Vv 10-17: Amatziah the idolatrous priest of Beith El denounces Amos to king Jerabo'am II as a traitor for prophesying that he would be killed. Amatziah lied to Jerabo'am, because Amos had not prophesied that Jerabo'am himself would fall by the sword but that his HOUSE would fall - alluding to the killing of Jerabo'am's son Zechariah by Shalem ben Yaveish. The rabbis praised Jerabo'am for not accepting this slander (Pesachim 87b).

Amatziah contemptuously tells Amos to flee to Judah and collect bread from people in reward for his prophecies.

Amos answers Amatziah, "I am no prophet neither am I a prophet's son." (v 14). Rashi ad loc. explains: "I am not one of your false prophets who takes a fee for prophesying. I have no need for all this and I have never practiced this, because I am wealthy with herds and property." "I was a dresser (BOLEIS) of sycamore trees." (v 20). Rashi here says the correct Hebrew word should be BOLEISH (searching like a BALASH, "detective", for the best trees to cut down) but that Amos was a stutterer (see commentary on Amos 1). So was Moses, and so was Rabbi Nachman's hero, the Beggar who could not speak - because his words were so exalted that people in this world could not understand what he was saying.

Amos curses Amatziah - among other things, he will die on impure land - i.e. in exile. From here the rabbis taught that all who are buried in the Land of Israel are as if they were buried under the Temple Altar (Kesubos 111a).


Chapter 8 opens with the fourth of Amos' prophetic images, the basket of summer fruit (Amos 8:1-3). The figs and dates used to be put aside to dry in the hot summer sun and are called KAYITZ. As in many cases in such prophetic images, the interpretation is linguistically bound up with the metaphor: thus KAYITZ alludes to the KEITZ=end. The happy songs of idolatry will be replaced with howling and mourning, and the dead bodies will be so many that those dealing with them have to hush each other in order to prevent everyone from breaking down in helpless weeping.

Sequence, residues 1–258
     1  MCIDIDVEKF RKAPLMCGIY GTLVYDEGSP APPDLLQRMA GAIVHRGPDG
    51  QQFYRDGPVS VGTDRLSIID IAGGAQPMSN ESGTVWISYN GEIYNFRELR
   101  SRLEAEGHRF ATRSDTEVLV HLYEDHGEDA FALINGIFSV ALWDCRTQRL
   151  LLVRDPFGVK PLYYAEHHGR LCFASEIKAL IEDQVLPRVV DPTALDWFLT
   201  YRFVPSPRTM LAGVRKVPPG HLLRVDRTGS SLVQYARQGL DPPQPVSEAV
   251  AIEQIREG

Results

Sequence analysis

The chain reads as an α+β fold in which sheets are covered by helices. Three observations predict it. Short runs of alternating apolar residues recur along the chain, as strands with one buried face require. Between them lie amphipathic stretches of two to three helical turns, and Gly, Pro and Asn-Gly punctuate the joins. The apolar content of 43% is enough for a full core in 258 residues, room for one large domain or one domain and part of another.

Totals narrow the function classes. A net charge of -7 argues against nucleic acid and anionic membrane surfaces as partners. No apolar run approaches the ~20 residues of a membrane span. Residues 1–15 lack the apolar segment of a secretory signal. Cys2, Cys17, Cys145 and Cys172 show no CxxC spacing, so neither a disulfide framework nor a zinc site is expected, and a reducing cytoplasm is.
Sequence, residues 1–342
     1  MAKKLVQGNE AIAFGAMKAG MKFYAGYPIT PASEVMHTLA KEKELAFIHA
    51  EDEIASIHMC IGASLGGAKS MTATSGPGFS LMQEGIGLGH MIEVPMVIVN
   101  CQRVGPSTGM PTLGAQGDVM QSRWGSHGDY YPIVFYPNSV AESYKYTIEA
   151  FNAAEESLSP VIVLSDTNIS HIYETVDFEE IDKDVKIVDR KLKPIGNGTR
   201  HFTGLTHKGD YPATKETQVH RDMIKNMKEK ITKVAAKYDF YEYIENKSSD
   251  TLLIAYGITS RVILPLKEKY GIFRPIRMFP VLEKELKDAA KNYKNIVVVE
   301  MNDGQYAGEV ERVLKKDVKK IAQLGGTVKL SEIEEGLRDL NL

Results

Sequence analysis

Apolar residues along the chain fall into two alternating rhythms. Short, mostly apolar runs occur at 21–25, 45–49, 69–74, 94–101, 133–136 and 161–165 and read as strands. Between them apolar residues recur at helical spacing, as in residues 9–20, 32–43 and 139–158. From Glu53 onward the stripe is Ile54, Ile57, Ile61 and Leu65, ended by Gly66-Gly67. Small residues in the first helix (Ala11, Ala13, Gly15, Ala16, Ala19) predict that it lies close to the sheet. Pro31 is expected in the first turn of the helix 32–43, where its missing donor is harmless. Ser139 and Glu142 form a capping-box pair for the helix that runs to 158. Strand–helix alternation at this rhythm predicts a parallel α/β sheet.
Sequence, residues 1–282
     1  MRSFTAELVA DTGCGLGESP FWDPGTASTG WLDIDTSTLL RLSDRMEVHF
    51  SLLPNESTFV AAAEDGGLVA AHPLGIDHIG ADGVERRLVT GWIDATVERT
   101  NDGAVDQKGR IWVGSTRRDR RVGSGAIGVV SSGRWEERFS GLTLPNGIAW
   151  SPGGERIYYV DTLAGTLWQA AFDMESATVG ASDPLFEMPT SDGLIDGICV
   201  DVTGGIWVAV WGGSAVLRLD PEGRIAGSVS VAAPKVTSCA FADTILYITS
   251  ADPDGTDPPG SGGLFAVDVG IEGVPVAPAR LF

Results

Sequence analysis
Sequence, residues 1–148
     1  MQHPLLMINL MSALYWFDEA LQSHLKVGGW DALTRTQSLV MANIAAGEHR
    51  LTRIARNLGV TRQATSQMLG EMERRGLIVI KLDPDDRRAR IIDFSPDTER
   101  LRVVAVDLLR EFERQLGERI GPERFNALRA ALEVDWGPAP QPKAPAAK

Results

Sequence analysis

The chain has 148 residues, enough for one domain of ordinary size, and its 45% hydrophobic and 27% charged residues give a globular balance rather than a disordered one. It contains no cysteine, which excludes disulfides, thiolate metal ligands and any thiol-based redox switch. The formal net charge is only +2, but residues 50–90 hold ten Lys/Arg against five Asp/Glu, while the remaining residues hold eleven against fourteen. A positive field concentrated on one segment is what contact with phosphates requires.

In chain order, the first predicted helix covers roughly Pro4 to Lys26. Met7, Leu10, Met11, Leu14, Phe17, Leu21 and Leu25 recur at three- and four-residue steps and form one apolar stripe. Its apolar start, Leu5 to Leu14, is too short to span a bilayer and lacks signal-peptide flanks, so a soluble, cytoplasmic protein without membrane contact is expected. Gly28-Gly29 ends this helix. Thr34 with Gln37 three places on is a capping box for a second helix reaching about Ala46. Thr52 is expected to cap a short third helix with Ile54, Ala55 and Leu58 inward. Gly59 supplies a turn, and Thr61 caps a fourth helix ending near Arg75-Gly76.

Vv 4-8 are a separate PARSHAH PETHUHAH explaining that the root cause of the coming doom is the injustices of the wealthy and powerful, who are heartlessly squeezing the poor - hoping that food will be scarce, whether through the intercalation of an extra month in the calendar causing a late Pesach Omer offering, or after the end of the Sabbatical year, in order to jump up prices. "To decrease the measure and increase the shekel and falsify the balances of deceit" (v 5) - i.e. smaller quantities for higher prices, and deceit everywhere. This also typifies the modern economy as far as the poor are concerned. This is why enemies will sweep away the people like a massive flooding river that washes over the land sweeping everything away.

Vv 9-10 are a separate PARSHAH PETHUHAH. "I will cause the sun to go down at noon" (v 9). Rashi explains that the downfall would come suddenly at a time of great peace, referring this prophecy to the killing of King Josiah by Pharaoh Necho when the latter marched his armies through Israel on his way to Assyria . According to this interpretation, this prophecy is directed at Judah just as much as at Israel .

"And I will turn your feasts into mourning and all your songs into lamentation." (v 10). This verse is the source of the law that Jewish mourning over the dead lasts for seven days (SHIV'AH) as well as various other laws of mourning (Mo'ed Katan 15b).

Vv 11-16 are a separate PARSHAH PETHUHAH prophesying the terrible spiritual famine that will strike. We see this in our days: even the spiritual seekers do not know where to find reliable Torah teaching, while the overwhelming majority of the population are not even aware of how starved they are for Torah. When the rabbis went into the orchard of Yavneh and said that the day would come when the Torah would be forgotten by Israel, they cited verse 11 in support - except that Rabbi Shimon bar Yohai (author of the Zohar) said that the Torah would not be forgotten in his merit! (Shabbos 138b).



By Rabbi Avraham Yehoshua Greenbaum